End If
        End If
    End Function


    Public Shared ReadOnly Property Null() As zVarchar
        Get
            Dim newNullValue As zVarchar = New zVarchar


            Return newNullValue
        End Get
    End Property


    Public Const EscapeCharacter As Char = “\”c


    Public Const MaximumRepeatValue As Integer = 250


    Public Shared Function Parse(ByVal s As SqlString) As zVarchar
        If s.IsNull Or s.Value.ToLower().Equals(“null”) Then
            Dim newNullValue As New zVarchar


            Return newNullValue
        Else
            Dim zValue As New StringBuilder
            Dim objectToReturn As New zVarchar


            objectToReturn.ValueIsNull = False
            objectToReturn.CurrrentValue = zVarchar.Compress(s.ToString())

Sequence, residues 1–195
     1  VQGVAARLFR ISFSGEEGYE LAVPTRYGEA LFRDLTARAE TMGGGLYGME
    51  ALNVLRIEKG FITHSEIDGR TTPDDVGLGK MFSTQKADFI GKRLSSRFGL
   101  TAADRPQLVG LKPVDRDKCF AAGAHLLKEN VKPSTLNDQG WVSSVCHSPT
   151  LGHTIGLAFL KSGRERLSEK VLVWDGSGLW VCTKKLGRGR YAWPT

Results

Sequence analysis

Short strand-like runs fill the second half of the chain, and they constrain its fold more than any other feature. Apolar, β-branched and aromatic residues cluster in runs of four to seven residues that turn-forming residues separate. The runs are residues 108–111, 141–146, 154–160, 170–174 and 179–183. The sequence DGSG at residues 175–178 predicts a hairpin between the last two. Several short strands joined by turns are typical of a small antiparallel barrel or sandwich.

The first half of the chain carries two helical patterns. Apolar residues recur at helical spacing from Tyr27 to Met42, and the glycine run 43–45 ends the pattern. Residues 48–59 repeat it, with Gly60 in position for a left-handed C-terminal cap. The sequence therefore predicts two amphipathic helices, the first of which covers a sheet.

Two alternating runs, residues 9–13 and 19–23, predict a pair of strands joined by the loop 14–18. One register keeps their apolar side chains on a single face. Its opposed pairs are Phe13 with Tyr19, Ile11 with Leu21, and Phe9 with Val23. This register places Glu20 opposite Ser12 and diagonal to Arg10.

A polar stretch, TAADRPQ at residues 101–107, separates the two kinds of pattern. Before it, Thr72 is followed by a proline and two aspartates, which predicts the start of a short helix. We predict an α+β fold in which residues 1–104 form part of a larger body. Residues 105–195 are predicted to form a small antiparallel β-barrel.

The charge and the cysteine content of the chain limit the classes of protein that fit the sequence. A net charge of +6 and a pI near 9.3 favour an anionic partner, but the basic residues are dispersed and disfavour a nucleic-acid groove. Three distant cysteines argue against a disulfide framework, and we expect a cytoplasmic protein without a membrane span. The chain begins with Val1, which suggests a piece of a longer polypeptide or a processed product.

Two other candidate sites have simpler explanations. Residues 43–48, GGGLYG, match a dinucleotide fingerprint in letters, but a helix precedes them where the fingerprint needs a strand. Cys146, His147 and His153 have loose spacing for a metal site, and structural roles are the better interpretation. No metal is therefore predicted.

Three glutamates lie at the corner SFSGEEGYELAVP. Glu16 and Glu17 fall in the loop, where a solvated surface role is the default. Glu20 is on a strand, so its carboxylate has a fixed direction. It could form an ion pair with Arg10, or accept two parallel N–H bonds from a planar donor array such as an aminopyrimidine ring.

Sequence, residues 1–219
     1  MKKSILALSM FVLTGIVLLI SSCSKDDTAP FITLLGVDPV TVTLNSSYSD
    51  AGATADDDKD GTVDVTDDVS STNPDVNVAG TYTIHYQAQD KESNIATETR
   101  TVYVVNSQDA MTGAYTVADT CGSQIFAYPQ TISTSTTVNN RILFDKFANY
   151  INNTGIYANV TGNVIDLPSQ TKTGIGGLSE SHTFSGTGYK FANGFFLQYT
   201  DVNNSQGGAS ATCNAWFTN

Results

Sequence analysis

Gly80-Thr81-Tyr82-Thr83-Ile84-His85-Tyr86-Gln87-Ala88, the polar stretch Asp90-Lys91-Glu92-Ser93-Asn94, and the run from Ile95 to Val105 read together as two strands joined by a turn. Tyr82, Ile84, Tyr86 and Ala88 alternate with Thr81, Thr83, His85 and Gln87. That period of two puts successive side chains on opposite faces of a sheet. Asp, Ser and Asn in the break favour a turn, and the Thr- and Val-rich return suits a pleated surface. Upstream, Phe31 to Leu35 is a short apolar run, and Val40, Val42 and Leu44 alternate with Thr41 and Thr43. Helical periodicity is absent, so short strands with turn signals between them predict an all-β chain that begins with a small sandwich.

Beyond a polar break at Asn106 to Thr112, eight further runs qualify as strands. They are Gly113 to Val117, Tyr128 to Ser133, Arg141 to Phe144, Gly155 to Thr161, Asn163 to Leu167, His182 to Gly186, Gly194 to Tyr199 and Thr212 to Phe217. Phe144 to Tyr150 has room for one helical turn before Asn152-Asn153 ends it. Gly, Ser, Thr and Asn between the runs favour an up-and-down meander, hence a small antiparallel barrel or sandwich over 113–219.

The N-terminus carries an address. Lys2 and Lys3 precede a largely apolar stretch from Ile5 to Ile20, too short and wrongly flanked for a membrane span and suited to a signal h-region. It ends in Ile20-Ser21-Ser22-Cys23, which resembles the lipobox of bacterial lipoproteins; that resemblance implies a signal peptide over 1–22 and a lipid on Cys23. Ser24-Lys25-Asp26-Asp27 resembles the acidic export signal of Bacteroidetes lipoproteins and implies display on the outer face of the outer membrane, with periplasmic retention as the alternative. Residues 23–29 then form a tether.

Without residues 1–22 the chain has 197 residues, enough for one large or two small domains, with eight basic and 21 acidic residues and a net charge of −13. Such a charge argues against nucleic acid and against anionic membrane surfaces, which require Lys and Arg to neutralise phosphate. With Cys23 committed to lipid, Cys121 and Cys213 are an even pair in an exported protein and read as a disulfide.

Return objectToReturn
        End If
    End Function


    Public Shared Function Compress(ByVal ValueToCompress As String) As String
        Dim compressedValue As New StringBuilder
        Dim lastValue As Char
        Dim valueCount As Integer = 0
        Dim currentValue As Char
        Dim characterCounter As Integer


        For characterCounter = 0 To (ValueToCompress.Length – 1)
            currentValue = CType(ValueToCompress.Substring(characterCounter, 1), Char)
            If currentValue = zVarchar.EscapeCharacter Then
                If valueCount > 0 Then ‘ we have something to output first
                    If valueCount < 3 Then
                        compressedValue.Append(lastValue, valueCount)
                    Else
                        compressedValue.Append(zVarchar.EscapeCharacter)
                        compressedValue.Append(lastValue)
                        compressedValue.Append(Chr(valueCount))
                    End If
                    valueCount = 0
                End If
                compressedValue.Append(zVarchar.EscapeCharacter, 2)